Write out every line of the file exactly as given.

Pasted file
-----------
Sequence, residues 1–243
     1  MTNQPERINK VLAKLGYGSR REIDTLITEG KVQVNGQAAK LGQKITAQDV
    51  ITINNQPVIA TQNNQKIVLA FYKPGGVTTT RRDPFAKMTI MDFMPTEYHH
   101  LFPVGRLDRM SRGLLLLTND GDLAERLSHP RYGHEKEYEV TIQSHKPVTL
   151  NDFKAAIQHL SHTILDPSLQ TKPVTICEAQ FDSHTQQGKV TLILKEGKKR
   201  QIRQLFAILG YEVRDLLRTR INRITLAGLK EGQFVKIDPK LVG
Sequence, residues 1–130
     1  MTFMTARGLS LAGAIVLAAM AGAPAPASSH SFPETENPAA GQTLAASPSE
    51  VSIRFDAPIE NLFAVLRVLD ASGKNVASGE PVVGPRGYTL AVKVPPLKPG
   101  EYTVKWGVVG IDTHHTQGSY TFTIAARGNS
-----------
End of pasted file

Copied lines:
Sequence, residues 1–243
     1  MTNQPERINK VLAKLGYGSR REIDTLITEG KVQVNGQAAK LGQKITAQDV
    51  ITINNQPVIA TQNNQKIVLA FYKPGGVTTT RRDPFAKMTI MDFMPTEYHH
   101  LFPVGRLDRM SRGLLLLTND GDLAERLSHP RYGHEKEYEV TIQSHKPVTL
   151  NDFKAAIQHL SHTILDPSLQ TKPVTICEAQ FDSHTQQGKV TLILKEGKKR
   201  QIRQLFAILG YEVRDLLRTR INRITLAGLK EGQFVKIDPK LVG
Sequence, residues 1–130
     1  MTFMTARGLS LAGAIVLAAM AGAPAPASSH SFPETENPAA GQTLAASPSE
    51  VSIRFDAPIE NLFAVLRVLD ASGKNVASGE PVVGPRGYTL AVKVPPLKPG
   101  EYTVKWGVVG IDTHHTQGSY TFTIAARGNS